On Tuesday, March 31, a meeting was held at Hazard City Hall where local leaders announced that a positive case of COVID-19 has been confirmed in Perry County. After the meeting, an executive order was signed to protect the public and limit the number of people in stores.
“Today (March 31) has been a very difficult day for the Commonwealth of Kentucky,” said Kentucky River District Health Department (KRDHD) Public Health Director Scott Lockard.
Just on that day he said, Kentucky confirmed 114 new cases and seven deaths that day.
“It's been one of the worst days in our state for loss of life and the largest number of new cases in one day,” said Lockard.
The unfortunate news continued as Lockard confirmed that Perry County now had a positive case of the novel coronavirus COVID-19.
“Just as the governor was wrapping up his press conference this evening, the Kentucky River District Health Department that serves Knott, Lee, Leslie, Letcher, Owsley, Perry and Wolfe counties received notification that we now have a positive case in our service area. A Perry County resident, a 79-year-old male, has been diagnosed positive with COVID-19,” said Lockard. “It's a serious condition this person in now facing, and we hope for a positive outcome.”
The community, Lockard said, is sending prayers and positive thoughts towards the individual. Due to HIPAA concerns, Lockard said, no further information about the patient will be released at this time.
Lockard said the city, county and healthcare officials in the region have been expecting this to happen at some point, and have been trying to implement preventative measures all of March.
“We knew that this was going to happen. We knew that we'd have a positive here in the Kentucky River District,” said Lockard. “We're practicing many interventions to help slow the spread of COVID-19.”
Some of the interventions, he said, are social distancing, avoiding crowds, washing hands frequently and staying home when sick.
“This should be a wake-up call for anyone who thought maybe this isn't so serious. This should be a wake-up call for all of us, it is here. We need to take precautions, we need to practice social distancing, we need to be healthy at home,” said Lockard.
Perry County Judge Executive Scott Alexander agreed.
“We knew this day was coming,” Alexander said, adding that expectation is why officials started pushing interventions three weeks ago to try and prevent the spread of the virus. “We urge you to stay home and stay healthy.
“This is the most critical week that we'll face with this outbreak,” he said. “Now that we know we have a positive case, it's critical that you adhere to these recommendations that we've been giving these past three weeks. It's critical this week, what our community does.”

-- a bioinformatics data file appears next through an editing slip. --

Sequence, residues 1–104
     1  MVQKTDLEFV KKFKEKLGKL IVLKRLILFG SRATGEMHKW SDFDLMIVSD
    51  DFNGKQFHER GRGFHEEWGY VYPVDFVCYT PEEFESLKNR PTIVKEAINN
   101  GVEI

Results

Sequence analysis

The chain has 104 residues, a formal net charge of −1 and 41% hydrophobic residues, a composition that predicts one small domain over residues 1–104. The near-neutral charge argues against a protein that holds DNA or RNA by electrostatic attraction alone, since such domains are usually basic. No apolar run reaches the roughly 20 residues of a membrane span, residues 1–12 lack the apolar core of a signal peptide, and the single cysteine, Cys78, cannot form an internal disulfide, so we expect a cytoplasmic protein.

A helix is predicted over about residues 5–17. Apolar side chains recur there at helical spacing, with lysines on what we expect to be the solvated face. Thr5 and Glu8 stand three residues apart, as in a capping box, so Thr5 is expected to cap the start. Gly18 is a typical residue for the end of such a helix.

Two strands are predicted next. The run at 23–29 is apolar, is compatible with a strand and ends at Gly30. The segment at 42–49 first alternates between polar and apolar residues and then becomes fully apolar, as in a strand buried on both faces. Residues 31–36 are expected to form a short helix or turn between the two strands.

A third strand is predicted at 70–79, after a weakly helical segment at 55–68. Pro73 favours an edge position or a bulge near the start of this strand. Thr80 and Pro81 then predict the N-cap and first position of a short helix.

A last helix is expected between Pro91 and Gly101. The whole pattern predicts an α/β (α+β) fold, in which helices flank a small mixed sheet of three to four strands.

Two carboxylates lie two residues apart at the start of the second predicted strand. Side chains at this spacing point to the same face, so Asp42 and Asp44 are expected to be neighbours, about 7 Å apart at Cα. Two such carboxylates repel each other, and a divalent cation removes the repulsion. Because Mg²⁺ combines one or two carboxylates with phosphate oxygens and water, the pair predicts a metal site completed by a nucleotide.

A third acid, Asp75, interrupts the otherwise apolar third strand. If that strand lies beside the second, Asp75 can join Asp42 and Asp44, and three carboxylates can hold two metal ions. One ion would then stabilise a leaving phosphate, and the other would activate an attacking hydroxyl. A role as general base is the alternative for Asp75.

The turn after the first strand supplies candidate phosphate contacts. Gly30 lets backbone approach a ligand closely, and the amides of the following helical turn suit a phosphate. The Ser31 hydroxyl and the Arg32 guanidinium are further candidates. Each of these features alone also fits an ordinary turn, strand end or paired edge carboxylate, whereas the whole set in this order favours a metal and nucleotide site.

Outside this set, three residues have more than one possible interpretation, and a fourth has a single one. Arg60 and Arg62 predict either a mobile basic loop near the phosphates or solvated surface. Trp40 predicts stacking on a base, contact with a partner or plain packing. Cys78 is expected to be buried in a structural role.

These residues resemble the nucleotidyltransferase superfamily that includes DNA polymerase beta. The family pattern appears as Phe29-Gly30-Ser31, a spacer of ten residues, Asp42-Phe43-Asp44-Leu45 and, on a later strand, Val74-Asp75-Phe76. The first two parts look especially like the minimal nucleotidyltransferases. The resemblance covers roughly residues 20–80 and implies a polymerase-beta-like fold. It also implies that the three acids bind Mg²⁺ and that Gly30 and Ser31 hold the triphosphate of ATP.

Local clinics, said Alexander, have expanded testing within the county in an effort to further help during the pandemic. The Primary Care Centers of Eastern Kentucky can now test approximately 150-200 people per day, he said.
This week, the center launched the organization’s COVID-19 testing drive-through service in Hazard. Those being tested include any essential employee (delivery drivers, food servers, retail employees, healthcare employees) who has had possible exposure to COVID-19 and/or has fever, cough or shortness of breath; any individual who provides care to an individual who has a chronic health condition and has had possible exposure in the community and fever, cough or shortness of breath; and anyone 60 years of age and over with possible exposure or with fever, cough, or shortness of breath.
For more information about the Primary Care Center's COVID-19 testing, call, (606) 439-1300.
“I think now more than ever, you'll think it's more serious because it it here,” said Hazard Mayor Donald "Happy" Mobelini. Both the city and the county, Mobelini said, will be taking more measures to protect the public, including the signing of an executive order that limits the number of people within stores.
“We are going to sign an executive order in the county and the city mandating that you have only one person per family go into the store, and that will start today (March 31),” said Mobelini.
Community members, he said, will need to make arrangements to follow the one person, one cart rule. Mobelini encouraged the community to utilize curbside pick up options for grocery stores and restaurants that offer the service, and to order out when possible.
“It's a total different way of living,” said Mobelini. “We will get through this.”
After the meeting, Mobelini and Alexander both signed executive orders to limit the number of individuals in public stores at one time. According to the orders, only one adult person per household is permitted to go in public places at one time. Retail life-sustaining businesses that have remained open shall develop and enforce policies to ensure that adequate social distancing is being maintained, the orders require.